El-Amrawy Mosque, built in the 11th Century, an outstanding example of Fatimid Islamic architecture of the time, with a remarkable structural and decorative use of stonemasonry
During the rule of the Abbasids, Minya’s name became attached to Ibn Khasib, the appointed benevolent and almost legendary ruler of Egypt in the early 9th century. Ibn Khasib loved Minya so much that when was asked by the Caliph to name a reward for his good deeds, he chose Minya where he would retire and die a few years later.
Ibn Khasib is credited for expanding Minya and transferring it from a large village to a robust Medieval city. Since Ibn Khasib years, Minya has been referred to as Munyat ibn Khasib (Ibn Khasibs Minya).
During the rule of the Fatimid Caliphate in the 10th and 11th centuries, Minya continued to expand and it included large mosques, schools, a bazaar, and public baths. It was during this period that two landmarks of Minya, the EL-Lamaty and EL-Amrawy mosques, were built. In 1326, Ibn Battuta, the famous medieval traveler, visited Minya and was impressed by what he saw there.
Minya was noted and regarded with high praise in Ibn Battuta’s account of his travels called the Rihla because of the school it used to have when he visited the city. Ibn Battuta’s described Minya as a town that “excels all the other towns of Upper Egypt.
A Rococo facade of a palace in Colonial Minya
During Muhammad Ali’s rule, Minya gained importance due to its fertile lands and its large agricultural production. The importance of the City increased during the reign of Ismail who owned large cotton and sugar cane plantations around Minya.
Ismail constructed a royal residence in Minya and beginning with 1870 he started modernizing the city and constructed its first residential extensions. In the year 1873, the Ibrahimiya Canal was built to provide perennial irrigation to Ismail’s vast lands.
The canal led to a noticeable development in urban growth especially in the western areas of the city. Improvement of the transportation network, particularly the introduction of the building of bridges across the Ibrahimiya, permitted developments of the housing to grow haphazardly on private agricultural lands of the west suburban banks of the canal.
With the break of the American Civil War in 1861, Egyptian cotton became an expensive commodity that was in high demand. Minya, which produced large quantities of high-quality cotton benefitted from this high demand for its cotton. The influx of wealth created a new wealthy upper class that consisted of native landlords, senior officials, and merchants.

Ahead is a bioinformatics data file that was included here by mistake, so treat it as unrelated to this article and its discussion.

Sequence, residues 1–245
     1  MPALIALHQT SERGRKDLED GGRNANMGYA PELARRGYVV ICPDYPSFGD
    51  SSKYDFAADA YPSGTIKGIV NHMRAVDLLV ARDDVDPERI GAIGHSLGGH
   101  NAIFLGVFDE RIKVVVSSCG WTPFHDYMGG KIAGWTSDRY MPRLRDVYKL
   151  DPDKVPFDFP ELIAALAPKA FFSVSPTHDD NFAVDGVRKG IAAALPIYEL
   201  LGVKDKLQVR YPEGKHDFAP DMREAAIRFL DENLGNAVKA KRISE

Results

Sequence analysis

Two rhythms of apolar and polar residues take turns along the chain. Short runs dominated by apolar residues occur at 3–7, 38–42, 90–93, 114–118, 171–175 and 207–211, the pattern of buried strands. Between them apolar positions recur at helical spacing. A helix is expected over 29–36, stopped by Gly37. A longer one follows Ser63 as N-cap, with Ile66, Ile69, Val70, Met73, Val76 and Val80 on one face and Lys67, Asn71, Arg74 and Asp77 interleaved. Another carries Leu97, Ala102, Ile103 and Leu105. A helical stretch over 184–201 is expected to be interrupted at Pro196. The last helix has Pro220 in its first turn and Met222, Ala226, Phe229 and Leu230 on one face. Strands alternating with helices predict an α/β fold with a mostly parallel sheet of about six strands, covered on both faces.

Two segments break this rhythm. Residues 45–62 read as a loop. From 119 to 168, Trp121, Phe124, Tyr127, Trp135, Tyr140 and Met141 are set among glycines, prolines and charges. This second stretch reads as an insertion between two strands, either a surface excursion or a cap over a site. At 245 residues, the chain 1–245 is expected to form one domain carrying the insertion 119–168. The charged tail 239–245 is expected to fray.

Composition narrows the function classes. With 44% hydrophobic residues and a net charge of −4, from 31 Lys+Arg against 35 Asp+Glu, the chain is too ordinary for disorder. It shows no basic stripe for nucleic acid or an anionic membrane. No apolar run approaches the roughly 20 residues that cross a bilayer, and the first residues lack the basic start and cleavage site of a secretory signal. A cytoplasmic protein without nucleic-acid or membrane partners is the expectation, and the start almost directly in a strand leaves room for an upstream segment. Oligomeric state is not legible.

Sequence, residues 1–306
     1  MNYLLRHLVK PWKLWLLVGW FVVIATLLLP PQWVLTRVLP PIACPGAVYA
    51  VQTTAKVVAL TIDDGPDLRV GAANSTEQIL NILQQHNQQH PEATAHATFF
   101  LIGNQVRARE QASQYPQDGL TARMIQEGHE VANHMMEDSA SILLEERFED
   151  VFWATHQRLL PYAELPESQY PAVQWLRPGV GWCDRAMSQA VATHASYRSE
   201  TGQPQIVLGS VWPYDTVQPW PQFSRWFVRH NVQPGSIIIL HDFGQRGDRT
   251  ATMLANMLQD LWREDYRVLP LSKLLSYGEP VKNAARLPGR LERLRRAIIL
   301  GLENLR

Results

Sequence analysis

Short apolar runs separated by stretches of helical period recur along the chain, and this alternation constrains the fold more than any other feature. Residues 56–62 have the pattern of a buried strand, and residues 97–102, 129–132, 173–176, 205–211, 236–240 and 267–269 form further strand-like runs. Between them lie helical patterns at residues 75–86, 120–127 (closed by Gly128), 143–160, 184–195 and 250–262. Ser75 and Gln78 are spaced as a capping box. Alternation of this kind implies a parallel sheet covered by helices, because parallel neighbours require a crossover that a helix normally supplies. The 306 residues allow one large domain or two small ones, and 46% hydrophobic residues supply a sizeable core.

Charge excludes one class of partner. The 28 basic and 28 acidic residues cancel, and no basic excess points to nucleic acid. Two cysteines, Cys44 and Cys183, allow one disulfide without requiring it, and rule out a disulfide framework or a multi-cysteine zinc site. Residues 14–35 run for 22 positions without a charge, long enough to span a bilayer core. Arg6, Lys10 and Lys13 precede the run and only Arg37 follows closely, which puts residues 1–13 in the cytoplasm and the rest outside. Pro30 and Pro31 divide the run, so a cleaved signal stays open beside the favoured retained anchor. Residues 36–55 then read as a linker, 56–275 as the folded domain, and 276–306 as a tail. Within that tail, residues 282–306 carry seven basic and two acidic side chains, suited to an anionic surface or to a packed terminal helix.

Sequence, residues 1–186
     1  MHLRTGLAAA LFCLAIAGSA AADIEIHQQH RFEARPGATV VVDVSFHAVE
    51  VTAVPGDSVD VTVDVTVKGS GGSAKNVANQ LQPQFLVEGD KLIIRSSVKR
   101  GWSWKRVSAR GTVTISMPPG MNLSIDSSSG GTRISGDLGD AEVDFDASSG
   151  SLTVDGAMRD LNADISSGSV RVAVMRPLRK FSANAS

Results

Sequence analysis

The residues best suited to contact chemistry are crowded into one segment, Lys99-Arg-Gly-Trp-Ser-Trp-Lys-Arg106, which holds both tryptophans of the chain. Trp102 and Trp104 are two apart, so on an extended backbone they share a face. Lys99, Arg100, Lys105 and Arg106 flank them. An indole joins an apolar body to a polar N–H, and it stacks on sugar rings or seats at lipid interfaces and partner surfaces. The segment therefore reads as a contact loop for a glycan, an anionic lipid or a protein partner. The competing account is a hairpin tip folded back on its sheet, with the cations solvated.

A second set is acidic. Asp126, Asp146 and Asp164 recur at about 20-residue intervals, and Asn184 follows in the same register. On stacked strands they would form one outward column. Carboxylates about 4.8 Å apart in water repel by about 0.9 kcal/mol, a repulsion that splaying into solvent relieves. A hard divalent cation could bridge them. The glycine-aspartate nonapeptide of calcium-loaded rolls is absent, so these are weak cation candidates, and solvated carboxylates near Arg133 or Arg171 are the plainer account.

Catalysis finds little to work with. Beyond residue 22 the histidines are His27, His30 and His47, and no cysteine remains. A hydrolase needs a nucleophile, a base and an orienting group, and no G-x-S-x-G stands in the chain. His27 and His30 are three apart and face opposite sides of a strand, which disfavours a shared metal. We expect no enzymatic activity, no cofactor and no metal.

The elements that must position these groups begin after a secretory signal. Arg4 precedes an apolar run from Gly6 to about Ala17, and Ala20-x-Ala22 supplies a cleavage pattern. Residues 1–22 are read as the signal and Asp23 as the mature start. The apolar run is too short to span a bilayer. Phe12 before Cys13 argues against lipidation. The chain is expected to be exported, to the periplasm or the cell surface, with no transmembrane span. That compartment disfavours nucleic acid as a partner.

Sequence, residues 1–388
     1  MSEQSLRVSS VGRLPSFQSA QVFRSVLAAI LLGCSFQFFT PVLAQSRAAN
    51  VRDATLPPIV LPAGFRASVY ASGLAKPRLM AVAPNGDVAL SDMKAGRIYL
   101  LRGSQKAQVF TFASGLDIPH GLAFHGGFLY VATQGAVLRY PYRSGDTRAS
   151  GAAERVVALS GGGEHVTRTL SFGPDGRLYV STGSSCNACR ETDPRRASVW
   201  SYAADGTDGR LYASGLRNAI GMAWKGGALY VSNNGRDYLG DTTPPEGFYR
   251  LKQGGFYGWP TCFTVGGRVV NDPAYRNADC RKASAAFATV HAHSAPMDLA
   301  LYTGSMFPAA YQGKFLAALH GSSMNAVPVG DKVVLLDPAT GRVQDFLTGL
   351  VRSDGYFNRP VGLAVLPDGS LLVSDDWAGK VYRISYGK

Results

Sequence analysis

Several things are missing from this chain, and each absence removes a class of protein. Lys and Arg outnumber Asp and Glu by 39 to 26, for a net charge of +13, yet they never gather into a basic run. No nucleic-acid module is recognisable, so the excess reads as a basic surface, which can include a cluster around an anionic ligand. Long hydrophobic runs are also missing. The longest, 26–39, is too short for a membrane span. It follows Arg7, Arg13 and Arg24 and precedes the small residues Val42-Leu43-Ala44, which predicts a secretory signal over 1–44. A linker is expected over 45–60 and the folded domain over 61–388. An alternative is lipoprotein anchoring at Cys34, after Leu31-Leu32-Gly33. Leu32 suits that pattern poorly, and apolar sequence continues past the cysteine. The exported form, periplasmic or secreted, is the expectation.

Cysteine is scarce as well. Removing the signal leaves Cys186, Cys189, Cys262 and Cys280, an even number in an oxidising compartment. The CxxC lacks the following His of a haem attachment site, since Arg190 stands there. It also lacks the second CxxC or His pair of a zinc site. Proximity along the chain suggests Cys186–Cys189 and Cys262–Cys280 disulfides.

Confident about their status, the wealthy families took residence at what would become known later as the Colonial part of the City (the area roughly bounded by Abd El Al el Garthy Street in the south and Port Said Street in the north).
There they built palaces and high-end houses that were designed by Italian architects who borrowed decorative features from Classical and Rococo architecture in addition to western-type apartment houses.
Around the start of the 20th Century, land speculations and a general building boom marked the beginning of Minya’s dramatic 20th-Century expansion. At the beginning of the century, the establishment of the railway to join Cairo began.
Later, the city extended east and west on the railway sides, which penetrated the current city. By that time, Great Britain established a consulate in Minya mainly to promote cotton trade.
In 1907, the Ottoman Bank opened a branch in the city in recognition of its increasing economic importance.
Utilities, serving mainly the new developments, were introduced under long-term franchises granted to foreign enterprises: a courthouse in 1927, the fire department in 1931, the city council and the administration building in 1937. The wide paved streets of the modern city diverted commercial activity away from the old city, hastening its deterioration.
Following the revolution of 1952, the Suez Crisis of 1956 and the subsequent nationalization of many industries from 1957, the vast majority of Greek and Armenian communities of Minya left Egypt.
This led to the beginning of the decline for the colonial district. During this period, the internal population movements further accentuated disparities between the two parts of the city: the old city with its legacy of obsolescence and poverty, and the colonial district with its modern buildings and services.
Densities continued to increase in the old city, where there were inadequate community facilities. The resultant overcrowding accelerated deterioration of both infrastructure and the standing housing stock.
In the 1960s, Ard AL-Mowled was developed as a public housing scheme to accommodate the exploding population growth of lower-income residents of the old city. Around the beginning of the 1970s, the modern district of Ard Sultan began to be established according to land subdivision and zoning laws.
Because of the high land price in the area, it attracted upper and middle-income groups who left the deteriorating colonial city. Ard Sultan was carved in by a number of new urban corridor streets, which were complemented by a system of perpendicular and circular roads.
These main new axes are parallel to the Nile River and bordered by freestanding buildings with heights of up to 30 meters. The north-south access of Taha Hussein Street formed a new linear central area that was intended to represent modern Minya.